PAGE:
You’ve probably heard of open floor plans, but do you really know what they are? As the name suggests, an open floor plan is a layout containing at least a couple of large, open rooms in a single living space they function as separate, multiple rooms. Often, these layouts include a kitchen, dining room, and living room in one space.
Homes with small square footage can especially benefit from open floor plans, often because they have no choice in their layout options. Large homes have more options, as it relates to creating an open floor plan, because it is easier to combine multiple rooms within a larger space.
So is this plan right for your home and family? Or would a closed floor plan better suit your needs? Here are some benefits of both floor plans to help you decide.
Benefits of Open Floor Plans
Increase social time. If you are cooking in the kitchen, you don’t have to miss out on the conversations taking place in the living room.
Watch your children. Similarly, you can keep an eye on the kids as you prepare dinner, or complete other household tasks as the kids play in the living room or do homework at the dining table.
Enjoy more light and views. Removing walls brings more sunlight into your rooms as well as provides access to windows for better views of your yard and neighborhood.
Entertain with ease. Even if you’re the chef, you can be a part of the party when guests are over. Serving food from the kitchen to the living room is also simpler.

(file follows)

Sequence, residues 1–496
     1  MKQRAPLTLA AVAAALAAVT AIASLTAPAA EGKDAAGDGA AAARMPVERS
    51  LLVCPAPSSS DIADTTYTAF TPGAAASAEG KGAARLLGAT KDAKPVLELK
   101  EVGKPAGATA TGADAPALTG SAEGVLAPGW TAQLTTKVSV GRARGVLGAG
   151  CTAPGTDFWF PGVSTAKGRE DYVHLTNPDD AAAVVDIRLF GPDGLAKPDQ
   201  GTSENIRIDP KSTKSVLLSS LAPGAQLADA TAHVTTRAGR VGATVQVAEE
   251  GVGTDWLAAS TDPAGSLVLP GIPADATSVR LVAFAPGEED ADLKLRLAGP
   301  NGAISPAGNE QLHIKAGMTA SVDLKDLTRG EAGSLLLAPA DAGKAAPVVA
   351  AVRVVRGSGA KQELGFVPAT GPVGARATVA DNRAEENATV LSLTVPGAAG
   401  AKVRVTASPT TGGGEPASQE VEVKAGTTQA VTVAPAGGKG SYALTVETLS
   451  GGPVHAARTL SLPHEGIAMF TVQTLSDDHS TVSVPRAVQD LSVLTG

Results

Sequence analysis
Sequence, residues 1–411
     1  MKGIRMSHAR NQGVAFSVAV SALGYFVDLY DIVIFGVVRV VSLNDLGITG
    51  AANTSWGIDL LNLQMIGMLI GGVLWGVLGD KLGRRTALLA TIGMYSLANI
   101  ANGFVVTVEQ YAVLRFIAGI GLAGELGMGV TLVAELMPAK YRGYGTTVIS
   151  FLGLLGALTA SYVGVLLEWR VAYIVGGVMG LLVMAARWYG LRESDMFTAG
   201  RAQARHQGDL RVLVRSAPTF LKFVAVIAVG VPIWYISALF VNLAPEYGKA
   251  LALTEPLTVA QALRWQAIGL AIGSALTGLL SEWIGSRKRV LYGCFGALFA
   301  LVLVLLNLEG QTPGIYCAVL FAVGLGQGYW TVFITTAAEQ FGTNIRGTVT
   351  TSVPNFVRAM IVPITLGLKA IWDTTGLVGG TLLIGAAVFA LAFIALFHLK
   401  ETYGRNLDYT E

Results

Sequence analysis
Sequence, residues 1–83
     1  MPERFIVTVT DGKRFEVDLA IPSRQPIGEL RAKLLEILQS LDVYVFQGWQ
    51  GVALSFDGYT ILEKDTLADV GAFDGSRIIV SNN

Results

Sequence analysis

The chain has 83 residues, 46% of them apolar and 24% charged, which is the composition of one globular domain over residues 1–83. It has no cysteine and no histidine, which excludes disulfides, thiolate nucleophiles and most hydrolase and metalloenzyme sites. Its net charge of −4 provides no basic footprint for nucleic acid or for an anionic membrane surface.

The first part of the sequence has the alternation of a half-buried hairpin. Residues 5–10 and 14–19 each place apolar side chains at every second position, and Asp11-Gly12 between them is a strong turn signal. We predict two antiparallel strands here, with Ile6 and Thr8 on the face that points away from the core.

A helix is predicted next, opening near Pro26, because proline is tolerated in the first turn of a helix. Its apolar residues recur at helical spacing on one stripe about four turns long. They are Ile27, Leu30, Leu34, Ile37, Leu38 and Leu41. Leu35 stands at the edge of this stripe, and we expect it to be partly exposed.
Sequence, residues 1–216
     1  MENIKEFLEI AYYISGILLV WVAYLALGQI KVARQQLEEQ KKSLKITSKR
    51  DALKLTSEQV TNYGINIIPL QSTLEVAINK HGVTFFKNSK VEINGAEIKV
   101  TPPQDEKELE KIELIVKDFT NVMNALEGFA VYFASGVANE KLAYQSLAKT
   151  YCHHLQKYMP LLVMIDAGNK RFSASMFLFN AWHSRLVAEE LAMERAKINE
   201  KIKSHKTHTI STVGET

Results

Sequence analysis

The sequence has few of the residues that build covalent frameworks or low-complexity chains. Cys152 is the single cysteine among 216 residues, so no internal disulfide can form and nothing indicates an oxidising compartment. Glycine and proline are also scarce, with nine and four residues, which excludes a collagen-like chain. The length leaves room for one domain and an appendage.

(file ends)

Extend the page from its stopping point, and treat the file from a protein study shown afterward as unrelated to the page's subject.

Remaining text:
Benefits of Closed Floor Plans
Increased privacy. With multiple generations often living in the same household, your family members might all be on different schedules and doing different things. If everyone needs their space, a closed floor plan might be better suited for you.
Restrain messes to separate rooms. If you have kids, you may want to keep all of their toys in one room, away from your home’s main living space, with doors that close. Keeping messes contained to their designated rooms is one way to keep your home looking more organized.
Noise stays in its place. With an open floor plan, noise tends to bounce around the large space, spreading throughout your living space. However, the extra walls of a closed floor plan can help keep the excess noise under wraps.
Designated rooms. Separate spaces lend themselves to individual uses, such as kids’ playrooms, home offices, home gyms, etc.
As you can see, both floor plans – open and closed – have benefits. After considering each of these “pros,” you should be able to start making the decision of which plan is right for you. Next week we’ll explore open and closed floor plans even further.